Dissemination of false disinformation particularly on social media platforms was relatively intense in the past week. This is supposed to be mainly due to the resumption of conflict between the Tigray People’s Liberation Front (TPLF) and the Ethiopian government.
Amid the resumption of the fighting between the belligerents, reports of battles and aerial strikes appeared on social media and news sites. Many false images and videos circulated on social media supporting claims related to the fresh fighting.
In this summary are covered social media disinformation posts debunked by HaqCheck during the third week of September 2022.
False images of alleged prisoners of war
A Facebook page with 96 thousand followers posted an image on Sep 9, 2022, claiming that Amhara militants were captured in the ongoing war in the western Tigray region, Dedebit. The post was shared ten times.
However, HaqCheck confirmed that the image doesn’t show recent prisoners of war in the ongoing war. The image was first posted several months ago on Oct 16, 2021, along with an article regarding the ongoing war in Ethiopia.
Another Facebook post shared six images claiming that the pictures show drone attacks in Tigray.
HaqCheck found out that the five pictures of the images shared to support the claim were old and don’t show drone attacks in Tigray during the recently resumed fighting.
The first image was shared on Jul 14, 2016, on Facebook for the first time with a claim that it shows a car belonging to an official of the then EPRDF regime set on fire by the protesting youth of Debark.
The second image was published on a website on Oct 4, 2016, and shows protestors destroying trucks and machinery belonging to the Dangote Cement Factory located in Ada Berga town, Oromia region.
The third picture was published on a news site on Dec 21, 2021, along with a news article that drone attacks in Tigray hit a bus and marketplace at the time.
HaqCheck did not find the fourth image that accompanies the claim on Facebook.
The fifth and sixth images were shared on Facebook on Oct 9, 2021, with a claim that the TPLF forces had sustained drone attacks by the Ethiopian government.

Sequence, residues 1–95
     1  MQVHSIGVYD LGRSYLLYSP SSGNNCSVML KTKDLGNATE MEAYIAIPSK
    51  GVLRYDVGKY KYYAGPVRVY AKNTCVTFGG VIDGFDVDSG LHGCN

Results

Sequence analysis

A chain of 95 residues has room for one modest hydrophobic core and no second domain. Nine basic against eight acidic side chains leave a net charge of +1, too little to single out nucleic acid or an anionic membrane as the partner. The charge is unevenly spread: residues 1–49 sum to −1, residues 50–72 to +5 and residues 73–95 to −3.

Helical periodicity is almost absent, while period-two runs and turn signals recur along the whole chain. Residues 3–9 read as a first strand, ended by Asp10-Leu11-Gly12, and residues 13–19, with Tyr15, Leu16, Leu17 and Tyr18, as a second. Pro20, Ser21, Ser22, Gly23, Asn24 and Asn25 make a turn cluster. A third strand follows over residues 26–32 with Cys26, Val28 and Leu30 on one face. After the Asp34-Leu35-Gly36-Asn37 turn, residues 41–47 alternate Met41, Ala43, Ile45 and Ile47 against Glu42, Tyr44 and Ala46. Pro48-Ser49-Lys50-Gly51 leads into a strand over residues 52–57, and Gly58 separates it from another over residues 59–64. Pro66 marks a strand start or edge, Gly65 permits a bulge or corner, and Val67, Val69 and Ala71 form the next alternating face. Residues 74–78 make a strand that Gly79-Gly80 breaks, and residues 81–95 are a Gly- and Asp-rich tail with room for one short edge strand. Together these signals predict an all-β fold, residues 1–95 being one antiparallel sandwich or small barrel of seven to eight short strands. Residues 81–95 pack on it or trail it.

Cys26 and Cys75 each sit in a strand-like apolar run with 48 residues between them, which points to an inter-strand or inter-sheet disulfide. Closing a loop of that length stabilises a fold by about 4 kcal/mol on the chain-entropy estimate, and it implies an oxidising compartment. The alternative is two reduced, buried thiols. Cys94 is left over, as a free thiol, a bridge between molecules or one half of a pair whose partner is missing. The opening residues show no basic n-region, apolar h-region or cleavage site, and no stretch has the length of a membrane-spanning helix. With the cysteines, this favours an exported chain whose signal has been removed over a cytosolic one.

Thus, the post was rated Partly False.
A false image of an alleged drone strike
A Twitter account posted an image claiming that the picture shows an Ethiopian drone attacking Mekelle.
The post appeared after reports of aerial strikes by the Ethiopian government in Mekelle emerged.
However; haqCheck confirmed that the image doesn’t show recent drone attacks during the ongoing war. The image was first posted more than a decade ago on Mar 2, 2008, titled Netherlands Apache strike in Afghanistan.
A false video of alleged recent prisoners of war
A viral video was shared on Twitter on Sep 13, 2022, claiming that it shows Ethiopian prisoners of war surrendered to the Tigray People’s Liberation Front (TPLF) forces during the resumed fighting.
The video was shared close to 700 times on Twitter and was watched by over 37 thousand users on the same platform.
The video-supported claim appeared on Twitter after the TPLF claimed that it destroyed many divisions of the Ethiopian National Defence Forces (ENDF) and the Eritrean Defence Forces (EDF) that tried to advance into territories currently held by TPLF forces.
However, the video is found to be old and doesn’t show Ethiopian POWs captured by TPLF forces during the recently resumed fighting.
The video was published previously on Facebook by the Voice of America Amharic on May 19, 2022, in a news report that TPLF announced to release of 4208 POWs belonging to the ENDF.
A false image claimed to support the report of mobilization of forces by the Eritrean government
A Twitter account with more than 7 thousand followers shared a post on Sep 15, 2022, captioned, “Breaking! The despotic regime of Eritrea has ordered civilian workers under 55 years of age including banking professionals to military duty.”
A false image of aerial bombardment in Mekelle
On Sep 15, 2022, a tweet appeared sharing an image to support a claim that the Ethiopian government recently bombarded Mekelle using drones.
HaqCheck found out that the image posted to support the claim was old and doesn’t show drone attacks in Mekelle during the recently resumed fighting.
HaqCheck recommends social media users be skeptical and avoid sharing posts that are not verified. They should look for additional sources for controversial information they encounter before they share or take in the information on social media.
HaqCheck urges social media content creators to be responsible and avoid being the agents of the dissemination of disinformation.
The government and other concerned entities are recommended to guarantee full access to information and updates regarding ongoing matters.